It is in the running for a state award in the Most Engaging Student Garden for Teaching category. The winners will be announced at the end of the month.
The trail was created two years ago as part of the school’s Make a Difference Week, to educate students and others about indigenous people and their culture.
It consists of 16 plants and weaves around the school’s 25ha property at Bangholme, about 30km south-east of Melbourne.
With an emphasis on sustainability, the trail uses existing plants rather than new ones and no pathways were built to create it.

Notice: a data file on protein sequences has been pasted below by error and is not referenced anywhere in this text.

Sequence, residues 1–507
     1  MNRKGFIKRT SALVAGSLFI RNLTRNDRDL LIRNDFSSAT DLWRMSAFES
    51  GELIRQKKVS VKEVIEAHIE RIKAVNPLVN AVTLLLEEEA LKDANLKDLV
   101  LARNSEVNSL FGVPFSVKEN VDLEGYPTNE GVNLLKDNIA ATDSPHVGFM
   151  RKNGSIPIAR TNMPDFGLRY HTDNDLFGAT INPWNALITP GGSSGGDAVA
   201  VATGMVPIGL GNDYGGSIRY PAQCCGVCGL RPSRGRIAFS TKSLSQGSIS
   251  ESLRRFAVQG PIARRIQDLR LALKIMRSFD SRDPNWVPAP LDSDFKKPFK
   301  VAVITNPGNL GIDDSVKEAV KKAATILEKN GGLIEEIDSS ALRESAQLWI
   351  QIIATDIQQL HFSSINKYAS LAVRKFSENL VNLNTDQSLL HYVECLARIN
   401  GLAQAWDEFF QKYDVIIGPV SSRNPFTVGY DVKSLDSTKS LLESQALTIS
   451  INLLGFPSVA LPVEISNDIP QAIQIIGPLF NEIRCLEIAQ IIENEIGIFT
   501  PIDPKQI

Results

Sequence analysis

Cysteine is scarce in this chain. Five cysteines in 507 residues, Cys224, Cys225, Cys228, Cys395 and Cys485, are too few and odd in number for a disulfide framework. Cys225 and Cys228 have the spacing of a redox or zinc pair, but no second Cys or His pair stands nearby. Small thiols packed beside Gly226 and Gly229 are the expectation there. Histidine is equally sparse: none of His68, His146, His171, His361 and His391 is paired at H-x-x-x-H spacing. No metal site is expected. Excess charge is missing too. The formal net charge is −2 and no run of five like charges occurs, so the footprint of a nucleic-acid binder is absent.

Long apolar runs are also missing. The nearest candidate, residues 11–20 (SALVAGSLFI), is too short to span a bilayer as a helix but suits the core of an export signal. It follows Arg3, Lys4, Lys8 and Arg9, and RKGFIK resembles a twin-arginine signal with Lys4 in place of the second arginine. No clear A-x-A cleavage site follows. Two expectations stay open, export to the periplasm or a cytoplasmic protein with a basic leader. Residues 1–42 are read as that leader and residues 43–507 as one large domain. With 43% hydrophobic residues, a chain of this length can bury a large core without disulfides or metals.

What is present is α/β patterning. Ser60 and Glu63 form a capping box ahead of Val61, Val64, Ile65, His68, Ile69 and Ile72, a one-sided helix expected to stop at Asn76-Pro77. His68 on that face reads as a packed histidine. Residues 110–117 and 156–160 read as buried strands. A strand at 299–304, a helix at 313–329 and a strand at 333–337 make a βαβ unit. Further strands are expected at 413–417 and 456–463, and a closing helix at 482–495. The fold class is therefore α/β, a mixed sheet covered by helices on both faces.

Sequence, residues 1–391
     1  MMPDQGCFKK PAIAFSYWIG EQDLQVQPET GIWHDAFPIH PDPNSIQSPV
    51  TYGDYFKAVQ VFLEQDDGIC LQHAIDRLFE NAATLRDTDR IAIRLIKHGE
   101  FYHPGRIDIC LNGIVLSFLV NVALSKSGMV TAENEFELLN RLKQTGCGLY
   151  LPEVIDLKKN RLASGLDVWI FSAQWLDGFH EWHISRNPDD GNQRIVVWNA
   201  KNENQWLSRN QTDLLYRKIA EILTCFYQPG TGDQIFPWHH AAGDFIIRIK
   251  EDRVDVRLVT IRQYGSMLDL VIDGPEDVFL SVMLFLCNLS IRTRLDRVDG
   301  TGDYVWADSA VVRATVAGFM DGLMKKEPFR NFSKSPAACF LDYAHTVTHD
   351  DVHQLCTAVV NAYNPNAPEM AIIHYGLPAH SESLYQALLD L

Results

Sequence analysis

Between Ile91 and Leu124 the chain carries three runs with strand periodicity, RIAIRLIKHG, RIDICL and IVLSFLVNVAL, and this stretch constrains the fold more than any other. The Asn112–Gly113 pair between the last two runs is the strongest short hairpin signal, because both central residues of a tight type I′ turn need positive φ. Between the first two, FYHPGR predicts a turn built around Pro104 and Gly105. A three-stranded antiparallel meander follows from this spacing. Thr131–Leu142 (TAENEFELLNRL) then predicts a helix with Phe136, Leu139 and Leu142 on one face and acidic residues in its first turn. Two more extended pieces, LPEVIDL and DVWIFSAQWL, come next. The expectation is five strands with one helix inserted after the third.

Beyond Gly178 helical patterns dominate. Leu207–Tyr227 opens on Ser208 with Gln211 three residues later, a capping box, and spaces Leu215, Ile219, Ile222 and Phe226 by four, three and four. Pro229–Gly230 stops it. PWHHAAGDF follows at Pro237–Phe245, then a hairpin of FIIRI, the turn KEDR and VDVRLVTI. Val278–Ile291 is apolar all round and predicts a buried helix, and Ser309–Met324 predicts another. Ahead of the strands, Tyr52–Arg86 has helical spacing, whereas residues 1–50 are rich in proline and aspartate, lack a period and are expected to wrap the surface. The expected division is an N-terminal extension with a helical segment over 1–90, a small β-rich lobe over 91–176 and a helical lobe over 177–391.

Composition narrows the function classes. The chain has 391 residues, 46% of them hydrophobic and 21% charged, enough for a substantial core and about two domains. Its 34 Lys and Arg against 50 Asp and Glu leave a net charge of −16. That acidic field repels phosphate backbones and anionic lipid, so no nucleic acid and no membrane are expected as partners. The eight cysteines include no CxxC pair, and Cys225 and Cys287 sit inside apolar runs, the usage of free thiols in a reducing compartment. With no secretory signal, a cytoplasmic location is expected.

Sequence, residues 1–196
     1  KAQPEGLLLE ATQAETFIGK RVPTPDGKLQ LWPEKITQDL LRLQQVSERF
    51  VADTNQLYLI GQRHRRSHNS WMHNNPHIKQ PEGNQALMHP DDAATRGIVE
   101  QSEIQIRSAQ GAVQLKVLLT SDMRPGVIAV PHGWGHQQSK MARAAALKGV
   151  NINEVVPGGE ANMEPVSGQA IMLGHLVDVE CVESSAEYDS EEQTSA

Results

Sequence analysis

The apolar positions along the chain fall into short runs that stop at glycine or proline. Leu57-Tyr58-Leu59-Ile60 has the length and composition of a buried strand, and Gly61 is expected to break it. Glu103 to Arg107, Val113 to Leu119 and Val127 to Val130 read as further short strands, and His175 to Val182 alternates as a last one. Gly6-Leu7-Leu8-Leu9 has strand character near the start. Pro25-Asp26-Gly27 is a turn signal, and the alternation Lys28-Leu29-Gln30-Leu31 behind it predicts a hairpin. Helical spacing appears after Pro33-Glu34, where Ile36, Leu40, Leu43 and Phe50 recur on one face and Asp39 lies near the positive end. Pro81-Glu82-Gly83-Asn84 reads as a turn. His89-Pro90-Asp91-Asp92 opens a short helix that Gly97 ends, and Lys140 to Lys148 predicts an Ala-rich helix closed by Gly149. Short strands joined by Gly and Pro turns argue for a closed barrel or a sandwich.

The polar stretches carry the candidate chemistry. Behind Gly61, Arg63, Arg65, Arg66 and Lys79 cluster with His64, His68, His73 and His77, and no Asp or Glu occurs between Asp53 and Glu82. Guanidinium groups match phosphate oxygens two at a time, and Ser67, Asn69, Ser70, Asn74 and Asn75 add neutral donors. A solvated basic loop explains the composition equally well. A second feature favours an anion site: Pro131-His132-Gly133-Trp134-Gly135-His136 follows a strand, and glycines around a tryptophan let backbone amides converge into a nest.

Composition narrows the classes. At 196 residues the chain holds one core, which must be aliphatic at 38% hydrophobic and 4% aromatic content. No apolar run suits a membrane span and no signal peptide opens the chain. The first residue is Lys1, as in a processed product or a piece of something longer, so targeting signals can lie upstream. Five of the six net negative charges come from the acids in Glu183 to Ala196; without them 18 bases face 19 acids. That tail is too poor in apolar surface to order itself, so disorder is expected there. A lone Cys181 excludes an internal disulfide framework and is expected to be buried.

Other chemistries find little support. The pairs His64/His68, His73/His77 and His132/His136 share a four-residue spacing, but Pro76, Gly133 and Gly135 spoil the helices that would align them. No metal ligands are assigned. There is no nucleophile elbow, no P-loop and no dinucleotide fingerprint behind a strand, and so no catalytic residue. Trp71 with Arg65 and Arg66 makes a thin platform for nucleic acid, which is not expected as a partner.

Early Learning Centre, prep and year one students have regular programs which explore and investigate the environment such as Dhumba-dha biik, a weekly year one program where students form strong connections to their land.
A variety of other educational opportunities have also been found for the trail across the grades.
Year 6 students have used it to create original pieces of poetry while year 7 students undertook an aboriginal plant hunt activity, where they were given a plant’s specific indigenous use and the students had to locate and identify the correct plant.
Year 11 biology students used the plant trail as an immersion point for a major assessment task based around the types of plants which could be useful if humans needed to colonise a new planet.